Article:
So you have this delightful quandary to always consider - go wide to fire and die, or go small and sneak through the wall of enemies.
All of this fancy control system would be moot if the actual gameplay, level design, and graphics were rubbish. Good news, they're not!
For all the action that's available in Shoot 1UP, the key to the game is patience. You don't need to shoot every single enemy the second they appear on the screen - in fact that's a recipe for disaster. You need to wait, watch, decide, and then put your plan into action at every point n the game. Far from being a mindless gun-fest, you'll need to use the grey matter to have any chance of longevity in this game.
The screen is almost permanently busy with something to consider, be it a small enemy ship, an end of level baddie, a multitude of bullets, or extra pick-ups for you to race for. Neither does it stay as a vertical shooter. As you play you get decision points where you can carry on flying 'up' the screen or turn to the left or right and have a few minutes of a horizontal scrolling shooter, which makes for a nice change, but with so much ducking and weaving to do, practically, it doesn't have a huge impact on the gameplay.
The only tiny issue that might cause confusion is when you are picking up the shields for the extra points - they are shaped a bit like a triangle, but are coloured the same as the enemy bullets, so there are moments when a good pick-up can be mistaken for a bad thing to crash a ship into, but being honest this goes with the territory of a fast paced action game, and countless classy games have had this issue and it doesn't diminish them. Neither does it diminish Shoot 1UP, although on the smaller screen it's a touch more frustrating to realise that you don't need to avoid what you've been avoiding.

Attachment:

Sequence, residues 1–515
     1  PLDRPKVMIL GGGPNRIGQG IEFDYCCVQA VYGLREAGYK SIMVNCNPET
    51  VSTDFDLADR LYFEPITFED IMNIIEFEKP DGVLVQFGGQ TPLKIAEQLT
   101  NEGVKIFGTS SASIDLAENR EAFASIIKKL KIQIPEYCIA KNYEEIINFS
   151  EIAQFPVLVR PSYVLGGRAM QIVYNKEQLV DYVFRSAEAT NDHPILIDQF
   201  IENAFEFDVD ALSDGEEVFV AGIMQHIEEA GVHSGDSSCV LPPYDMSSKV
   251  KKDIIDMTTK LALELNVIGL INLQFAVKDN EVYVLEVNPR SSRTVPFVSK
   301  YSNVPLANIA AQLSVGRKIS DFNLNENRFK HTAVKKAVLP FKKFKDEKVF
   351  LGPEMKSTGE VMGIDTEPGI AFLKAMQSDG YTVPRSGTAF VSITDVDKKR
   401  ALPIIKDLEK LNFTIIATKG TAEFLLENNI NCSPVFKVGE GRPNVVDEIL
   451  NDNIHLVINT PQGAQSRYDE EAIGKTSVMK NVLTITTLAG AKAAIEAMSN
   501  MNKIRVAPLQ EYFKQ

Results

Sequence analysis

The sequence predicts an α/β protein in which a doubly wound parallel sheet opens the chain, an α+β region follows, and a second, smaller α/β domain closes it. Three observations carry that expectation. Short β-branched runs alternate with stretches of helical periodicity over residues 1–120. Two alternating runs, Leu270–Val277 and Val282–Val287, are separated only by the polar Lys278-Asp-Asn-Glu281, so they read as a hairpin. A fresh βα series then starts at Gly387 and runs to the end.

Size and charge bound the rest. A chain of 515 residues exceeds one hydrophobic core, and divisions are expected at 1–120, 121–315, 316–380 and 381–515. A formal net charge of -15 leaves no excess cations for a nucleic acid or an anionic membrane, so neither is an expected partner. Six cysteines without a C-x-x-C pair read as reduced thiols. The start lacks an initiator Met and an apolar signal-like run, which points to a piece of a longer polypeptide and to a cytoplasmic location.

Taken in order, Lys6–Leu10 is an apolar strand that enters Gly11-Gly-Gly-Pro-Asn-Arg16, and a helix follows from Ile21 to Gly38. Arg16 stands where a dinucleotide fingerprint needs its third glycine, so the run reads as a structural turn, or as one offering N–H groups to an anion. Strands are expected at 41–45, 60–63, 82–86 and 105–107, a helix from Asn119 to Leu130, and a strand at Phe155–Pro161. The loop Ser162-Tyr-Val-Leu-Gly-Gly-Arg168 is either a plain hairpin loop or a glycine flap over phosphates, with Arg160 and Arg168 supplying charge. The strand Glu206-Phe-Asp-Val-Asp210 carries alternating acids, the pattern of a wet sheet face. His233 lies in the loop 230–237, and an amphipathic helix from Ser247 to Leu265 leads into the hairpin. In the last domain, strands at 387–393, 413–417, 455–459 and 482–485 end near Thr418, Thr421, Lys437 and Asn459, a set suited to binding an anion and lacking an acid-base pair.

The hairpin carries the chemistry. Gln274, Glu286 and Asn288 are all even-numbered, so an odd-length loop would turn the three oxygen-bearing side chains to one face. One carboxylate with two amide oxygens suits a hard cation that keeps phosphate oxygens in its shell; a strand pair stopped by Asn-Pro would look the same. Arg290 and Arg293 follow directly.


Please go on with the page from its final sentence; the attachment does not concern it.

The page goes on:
As you go though the game, you'll find that you'll need to be very accurate with your movement. There's always an apparent path through the enemies and the bullets, but actually navigating it is a little trickier. You'll lose more ships trying to get through these passages than crashing into the enemy ships.
There's a chirpy and upbeat dance track as the backing music, lots of crisp sound effects, and I particularly like the alert tone when the end of level baddie is set to appear - it adds enough of an ominous air to let you know something big (and difficult) is on the way.
Shoot 1UP even allows you to tweak the difficulty level and the speed of the game, so old-school arcade fans like me can rack it up to expert and put everything to increased speed to recreate that punishing 1986 feeling of being useless at a game. For everyone else, the default normal/100% levels provide a worthwhile challenge, with the right level of a learning curve matched with the 'almost, but not quite, impossible to beat' levels.
This is a great addition to the Xbox Live stable of games. It looks like it's been on the shelf for some time (it doesn't appear to be using the fast-app switching for example) but I'm glad it's here now. It's not going to attract anyone to the genre that's not already a fan, but for those of us who are looking for a decent shooter, we have ourselves a new champion on Windows Phone.
Reviewed by Ewan Spence at